Water Planning and Efficient Water Use During the Season

This article was written quickly and in collaboration with a few people. Share your thoughts below.

We want to talk a bit about water planning and efficient water use during the season.

It’s clear spring is here. It is getting warm and early flowers are blooming. We’ve had lots of rain, especially recently. However, despite our heavy rains this winter, it is likely that the long term trend toward drought will continue.

It’s time for spring planning in order to assure a successful season. Thinking of growing from seed to get deep roots and strong plants? This year, as we always do, we are growing in the ground. Adding lots of compost and mulch to the growing beds to get them ready to plant.

And now is the time to get your water system and water plans in place.

Not many are thinking about water now, with all the recent heavy rains. There is water everywhere. However, weather experts all tell us our long term drought is likely to continue as a general trend even if we have occasional wetter years.

For you outdoor growers, a good water plan with appropriate infrastructure can mitigate needing to haul water for your grow. Or at least reduce the amount of water you haul during the season. Another method is to catch water from your structures and use the water you catch. If you have a rainwater catchment system in place, during the rainy season, you can fill up your water tanks several times over and start your season without needing to pump or haul water.

Water catchment systems are finally being promoted more broadly. The Soquel Water District wrote the following description for their rainwater collection workshop held last weekend at Cabrillo College:

“Rainwater harvesting is a popular alternative for homeowners and gardeners who want to become more self-sufficient by collecting rainwater while reducing their water bills. Rainwater can be used to water gardens and for emergency water supply. In this class we will discuss the fundamentals of designing a domestic rainwater harvesting system, how to optimize capture and usage, filtration and distribution. Graywater systems will also be discussed.”

It is also becoming clear when attending meetings of the C4 (Cannabis Cultivation Choices Committee) and listening to possible rules that are being discussed for permitted or licensed grows that there are likely to be requirements and regulations around water. You are likely to be limited and regulated regarding how you can source water. You may not be allowed to divert surface water at all.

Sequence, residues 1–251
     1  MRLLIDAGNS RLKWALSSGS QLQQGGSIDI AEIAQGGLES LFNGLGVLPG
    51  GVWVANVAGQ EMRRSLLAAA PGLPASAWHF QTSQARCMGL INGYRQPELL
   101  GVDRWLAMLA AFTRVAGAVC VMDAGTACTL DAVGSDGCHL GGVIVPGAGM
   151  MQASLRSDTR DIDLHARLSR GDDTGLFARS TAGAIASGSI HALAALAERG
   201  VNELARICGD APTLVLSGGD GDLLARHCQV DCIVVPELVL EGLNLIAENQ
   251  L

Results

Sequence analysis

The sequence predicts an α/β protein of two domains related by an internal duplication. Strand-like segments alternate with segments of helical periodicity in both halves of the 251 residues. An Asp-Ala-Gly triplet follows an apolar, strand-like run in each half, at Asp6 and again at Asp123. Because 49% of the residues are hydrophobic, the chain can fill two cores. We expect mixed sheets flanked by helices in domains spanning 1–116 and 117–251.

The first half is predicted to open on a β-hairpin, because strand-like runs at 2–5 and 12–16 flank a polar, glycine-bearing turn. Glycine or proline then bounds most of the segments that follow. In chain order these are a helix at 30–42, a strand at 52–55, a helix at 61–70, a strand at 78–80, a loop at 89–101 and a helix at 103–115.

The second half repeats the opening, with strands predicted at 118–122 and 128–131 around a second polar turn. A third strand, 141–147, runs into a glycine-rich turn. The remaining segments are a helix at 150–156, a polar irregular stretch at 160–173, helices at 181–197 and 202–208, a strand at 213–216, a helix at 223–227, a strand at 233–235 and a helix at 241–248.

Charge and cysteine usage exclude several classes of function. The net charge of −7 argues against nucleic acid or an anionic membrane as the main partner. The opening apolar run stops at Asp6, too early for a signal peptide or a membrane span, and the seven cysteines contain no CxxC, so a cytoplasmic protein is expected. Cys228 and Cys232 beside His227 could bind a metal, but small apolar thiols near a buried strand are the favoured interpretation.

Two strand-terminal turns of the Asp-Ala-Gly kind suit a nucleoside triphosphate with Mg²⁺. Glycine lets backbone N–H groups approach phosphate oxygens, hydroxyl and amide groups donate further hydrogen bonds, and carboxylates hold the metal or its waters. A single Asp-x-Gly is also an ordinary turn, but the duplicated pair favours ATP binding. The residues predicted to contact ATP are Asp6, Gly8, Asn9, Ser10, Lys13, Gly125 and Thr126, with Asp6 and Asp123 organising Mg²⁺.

A Good Water Plan is Essential

Do you have enough water storage? Do you have proper water distribution to make your summer watering easy? Could you install an extra water tank or two before the season begins? Or as my friend does, use an above ground pool.

Make a plan, and work on it now so you are ready. If you intend to apply for one of the upcoming growing permits that will be allowed in Santa Cruz County once the new rules are in place, a well planned water system will be essential in getting your permits approved for outdoor grows in the mountains.

In addition to a good water system for storage, a well planned distribution system, and a water catchment system; we also need a plan for managing our water use during the season to minimize the impacts of extreme water use.

In our opinion, a good planting bed, well amended soil with plenty of mulch and compost, good drainage, and an organic growing method is the most effective and efficient in terms of water use for outdoor or greenhouse grows.

Ditch your pallets (in our humble opinion). Sure there is the theory that growing on pallets “prunes” your roots. However, this method radically increases the amount of water your plants will need during the season, and will actually reduce your yield a bit by adding a bit of stress to the plants. By allowing roots to grow deep, your plants will need less water during the season.

If intending to grow; make a plan now. Don’t wait. Add storage. Think seriously about mulching, growing your plants in soil with deep roots, and putting in a water catchment system.